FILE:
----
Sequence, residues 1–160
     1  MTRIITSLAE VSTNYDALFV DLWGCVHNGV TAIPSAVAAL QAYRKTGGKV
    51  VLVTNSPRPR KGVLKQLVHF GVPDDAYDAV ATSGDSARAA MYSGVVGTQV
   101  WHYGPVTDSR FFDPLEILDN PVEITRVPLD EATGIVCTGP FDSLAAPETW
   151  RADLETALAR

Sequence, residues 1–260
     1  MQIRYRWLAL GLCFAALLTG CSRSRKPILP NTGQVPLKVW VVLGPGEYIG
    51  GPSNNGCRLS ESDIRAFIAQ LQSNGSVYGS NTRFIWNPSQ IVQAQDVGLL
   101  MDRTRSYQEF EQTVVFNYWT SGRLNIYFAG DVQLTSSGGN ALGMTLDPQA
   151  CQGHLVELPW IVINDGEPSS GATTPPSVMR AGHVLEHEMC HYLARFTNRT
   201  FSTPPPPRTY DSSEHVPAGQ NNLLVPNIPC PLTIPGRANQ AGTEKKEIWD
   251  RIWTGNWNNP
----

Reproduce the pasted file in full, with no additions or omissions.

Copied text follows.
Sequence, residues 1–160
     1  MTRIITSLAE VSTNYDALFV DLWGCVHNGV TAIPSAVAAL QAYRKTGGKV
    51  VLVTNSPRPR KGVLKQLVHF GVPDDAYDAV ATSGDSARAA MYSGVVGTQV
   101  WHYGPVTDSR FFDPLEILDN PVEITRVPLD EATGIVCTGP FDSLAAPETW
   151  RADLETALAR

Sequence, residues 1–260
     1  MQIRYRWLAL GLCFAALLTG CSRSRKPILP NTGQVPLKVW VVLGPGEYIG
    51  GPSNNGCRLS ESDIRAFIAQ LQSNGSVYGS NTRFIWNPSQ IVQAQDVGLL
   101  MDRTRSYQEF EQTVVFNYWT SGRLNIYFAG DVQLTSSGGN ALGMTLDPQA
   151  CQGHLVELPW IVINDGEPSS GATTPPSVMR AGHVLEHEMC HYLARFTNRT
   201  FSTPPPPRTY DSSEHVPAGQ NNLLVPNIPC PLTIPGRANQ AGTEKKEIWD
   251  RIWTGNWNNP